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# Problem MMost Difficult

You are an expert on the most difficult field of math — primes! Indeed, you have actually proven the Riemann Hypothesis, but unfortunately, this margin is too narrow to contain the proof.

Being considered a prime expert, $q$ people have come to you for help. The $i$-th person has a favorite number $x_ i$, and they want to find the primmest prime number with respect to $x_ i$ — that is, the smallest prime number $p$ such that both $p$ and $x_ i + p$ are prime!

Unfortunately, there are too many people, and you don’t want to spend your time answering such trivial questions. Instead, you decide to write a program to answer all of their questions!

## Input

The first line contains an integer $q$, denoting the number of people ($1 \leq q \leq 100$).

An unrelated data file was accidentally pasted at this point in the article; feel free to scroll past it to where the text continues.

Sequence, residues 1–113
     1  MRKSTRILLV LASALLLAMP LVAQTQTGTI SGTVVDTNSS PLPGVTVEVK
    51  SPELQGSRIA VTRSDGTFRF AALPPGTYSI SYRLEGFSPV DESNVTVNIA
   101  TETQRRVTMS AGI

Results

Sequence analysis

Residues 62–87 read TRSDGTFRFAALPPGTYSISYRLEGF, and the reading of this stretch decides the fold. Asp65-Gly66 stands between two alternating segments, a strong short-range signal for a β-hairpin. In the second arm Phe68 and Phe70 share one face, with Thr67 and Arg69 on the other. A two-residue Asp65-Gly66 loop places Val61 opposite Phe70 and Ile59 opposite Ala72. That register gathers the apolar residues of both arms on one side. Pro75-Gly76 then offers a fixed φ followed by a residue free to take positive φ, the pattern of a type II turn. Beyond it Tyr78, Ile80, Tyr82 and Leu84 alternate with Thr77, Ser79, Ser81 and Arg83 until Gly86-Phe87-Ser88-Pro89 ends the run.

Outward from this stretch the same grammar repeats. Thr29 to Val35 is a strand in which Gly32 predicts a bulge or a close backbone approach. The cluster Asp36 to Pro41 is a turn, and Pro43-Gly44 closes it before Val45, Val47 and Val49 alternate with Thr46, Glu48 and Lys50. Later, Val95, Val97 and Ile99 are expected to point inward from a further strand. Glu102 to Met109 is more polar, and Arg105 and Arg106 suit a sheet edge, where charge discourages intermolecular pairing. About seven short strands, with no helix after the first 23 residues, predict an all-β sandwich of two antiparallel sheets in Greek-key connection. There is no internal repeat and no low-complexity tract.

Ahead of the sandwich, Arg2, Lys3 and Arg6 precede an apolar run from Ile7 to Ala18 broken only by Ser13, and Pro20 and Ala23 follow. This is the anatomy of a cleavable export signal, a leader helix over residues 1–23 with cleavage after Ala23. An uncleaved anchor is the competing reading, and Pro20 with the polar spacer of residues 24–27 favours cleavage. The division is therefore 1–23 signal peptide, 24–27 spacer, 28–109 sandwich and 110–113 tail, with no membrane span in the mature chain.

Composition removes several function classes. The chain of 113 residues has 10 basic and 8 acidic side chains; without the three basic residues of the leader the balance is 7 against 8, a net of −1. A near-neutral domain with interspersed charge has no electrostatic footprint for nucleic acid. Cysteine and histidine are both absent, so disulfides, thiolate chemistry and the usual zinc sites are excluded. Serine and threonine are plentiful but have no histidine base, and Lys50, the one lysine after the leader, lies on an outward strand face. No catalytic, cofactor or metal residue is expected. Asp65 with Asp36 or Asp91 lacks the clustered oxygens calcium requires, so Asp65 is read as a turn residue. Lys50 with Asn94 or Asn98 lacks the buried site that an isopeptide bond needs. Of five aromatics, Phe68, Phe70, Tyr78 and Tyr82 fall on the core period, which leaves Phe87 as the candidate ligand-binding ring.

The next $q$ lines each contain an integer $x_ i$, denoting the favorite number of the $i$-th person ($1 \leq x_ i \leq 10^{18}$).

## Output

Output $q$ lines, where the $i$-th line contains the primmest prime $p$ with respect to $x_ i$. If there is no such prime $p$ where both $p$ and $x_ i + p$ are primes, output $-1$ instead.

Sample Input 1 Sample Output 1
10
1
2
3
4
5
3233
4200
1000000000
969268337140823504
1000000000000000000

2
3
2
3
2
-1
11
7
2837
3

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